Botswana Railways endorses rail line plan set to aid Botswana coal industry

In a quest to drive the development of the Botswana coal industry and to ensure acceptable returns for shareholders, Minergy has revealed that it has made notable progress on its projects, one being the approval by Botswana Railways for the construction of the Botswana rail siding.

The rail line is expected to connect the Botswana coalfields with South Africa’s rail infrastructure to ease export access possibilities through the country’s various ports. The progress, the company further states, came with the renewal of the Company’s prospecting license for coal and coal bed methane (CBM) for a further period of two years and the finalisation of the updated competent persons report (CPR), indicating improved results of their in situ qualities, strip ratios and yields.

Minergy management noted that the development will be a game changer for the local coal industry, as it will cut 500 km out of the current rail route, significantly reducing logistics costs and allowing Botswana coal producers to compete in the international coal market. They also said that the process of appointing a suitable mining operator is at an advanced stage, as they are currently in discussions with two suitable companies. Operations are expected to commence during July 2018 following the awarding of the mining license.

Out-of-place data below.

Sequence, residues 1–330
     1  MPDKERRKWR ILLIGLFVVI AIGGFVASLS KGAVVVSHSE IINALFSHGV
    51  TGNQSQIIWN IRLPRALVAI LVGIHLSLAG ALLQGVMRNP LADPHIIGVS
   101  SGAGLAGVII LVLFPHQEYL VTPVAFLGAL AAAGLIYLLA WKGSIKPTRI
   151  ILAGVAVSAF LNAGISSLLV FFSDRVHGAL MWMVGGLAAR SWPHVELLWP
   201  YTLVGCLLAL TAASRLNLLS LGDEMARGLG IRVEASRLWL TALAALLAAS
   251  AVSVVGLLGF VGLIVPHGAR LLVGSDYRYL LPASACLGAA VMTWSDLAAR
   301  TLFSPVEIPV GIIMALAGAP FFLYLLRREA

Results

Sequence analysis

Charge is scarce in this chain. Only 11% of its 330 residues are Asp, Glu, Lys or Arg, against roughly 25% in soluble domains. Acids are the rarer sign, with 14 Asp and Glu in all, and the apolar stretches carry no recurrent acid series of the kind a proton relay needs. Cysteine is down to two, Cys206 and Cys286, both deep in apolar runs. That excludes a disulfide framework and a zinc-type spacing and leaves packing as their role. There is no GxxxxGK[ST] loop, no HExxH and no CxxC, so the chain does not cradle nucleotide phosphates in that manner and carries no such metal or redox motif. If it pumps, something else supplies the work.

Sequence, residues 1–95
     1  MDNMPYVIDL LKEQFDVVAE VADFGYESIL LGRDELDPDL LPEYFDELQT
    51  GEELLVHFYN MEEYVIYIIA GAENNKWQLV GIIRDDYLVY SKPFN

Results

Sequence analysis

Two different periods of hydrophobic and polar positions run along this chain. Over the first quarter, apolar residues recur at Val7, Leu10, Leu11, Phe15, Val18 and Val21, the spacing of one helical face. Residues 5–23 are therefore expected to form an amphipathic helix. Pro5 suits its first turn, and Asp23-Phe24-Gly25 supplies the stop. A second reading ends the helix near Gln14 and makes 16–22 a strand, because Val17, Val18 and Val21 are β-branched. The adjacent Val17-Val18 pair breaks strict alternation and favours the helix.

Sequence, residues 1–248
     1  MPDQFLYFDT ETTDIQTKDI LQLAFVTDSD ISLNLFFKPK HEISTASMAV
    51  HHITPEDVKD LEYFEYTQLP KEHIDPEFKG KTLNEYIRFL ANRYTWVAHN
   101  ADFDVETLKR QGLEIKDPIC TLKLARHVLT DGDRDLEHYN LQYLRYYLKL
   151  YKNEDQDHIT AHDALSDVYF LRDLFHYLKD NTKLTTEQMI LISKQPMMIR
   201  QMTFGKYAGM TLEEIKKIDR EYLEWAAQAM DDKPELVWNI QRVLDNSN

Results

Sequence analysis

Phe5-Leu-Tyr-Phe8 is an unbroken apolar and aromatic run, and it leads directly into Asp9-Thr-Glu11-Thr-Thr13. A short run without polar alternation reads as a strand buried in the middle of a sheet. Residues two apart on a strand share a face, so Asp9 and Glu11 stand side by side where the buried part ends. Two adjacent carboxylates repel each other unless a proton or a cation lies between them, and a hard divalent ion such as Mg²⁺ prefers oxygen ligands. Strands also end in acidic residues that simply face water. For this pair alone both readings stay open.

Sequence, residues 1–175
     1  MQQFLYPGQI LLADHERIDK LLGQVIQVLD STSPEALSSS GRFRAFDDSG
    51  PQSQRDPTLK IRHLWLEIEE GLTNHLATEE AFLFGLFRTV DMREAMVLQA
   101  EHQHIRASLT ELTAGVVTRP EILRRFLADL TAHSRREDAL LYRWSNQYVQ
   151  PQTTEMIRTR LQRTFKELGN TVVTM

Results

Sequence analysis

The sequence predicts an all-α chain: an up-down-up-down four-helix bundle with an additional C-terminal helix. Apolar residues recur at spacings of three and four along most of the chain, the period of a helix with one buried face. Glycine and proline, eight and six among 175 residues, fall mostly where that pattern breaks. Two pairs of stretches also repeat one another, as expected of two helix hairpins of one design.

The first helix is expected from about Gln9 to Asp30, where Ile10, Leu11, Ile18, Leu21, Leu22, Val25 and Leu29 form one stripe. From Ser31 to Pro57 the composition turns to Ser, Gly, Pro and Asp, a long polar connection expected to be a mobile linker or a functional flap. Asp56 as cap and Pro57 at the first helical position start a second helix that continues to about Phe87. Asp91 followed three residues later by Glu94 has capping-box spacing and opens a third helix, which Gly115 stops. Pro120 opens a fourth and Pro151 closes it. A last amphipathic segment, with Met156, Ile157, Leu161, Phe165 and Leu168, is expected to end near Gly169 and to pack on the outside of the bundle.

Internationally, coal continues to defy market commentators who projected falling prices and a diminishing industry. During February 2018, physical coal shipments from Richards Bay Coal Terminal traded at US$98 per tonne, up 90% from the 2016 lows. This, the company notes, is driven by the lack of investment in new coal projects. The cutting off of 500 million tonnes per annum in production by China is said to have also increased demand for coal from new coal-fired plants.

On a regional level, the results show that prices are at unprecedented levels due to the lack of investment in new projects in South Africa, which remains the dominant coal producer. This lack of investment is partly due to policy uncertainty and talk around resource nationalisation. However, Minergy notes coal demand continues to rise, as it is still the most economical form of energy available. Regional end users are finding it difficult to source reliable and consistent supply, as most producers favour the export market, they noted.


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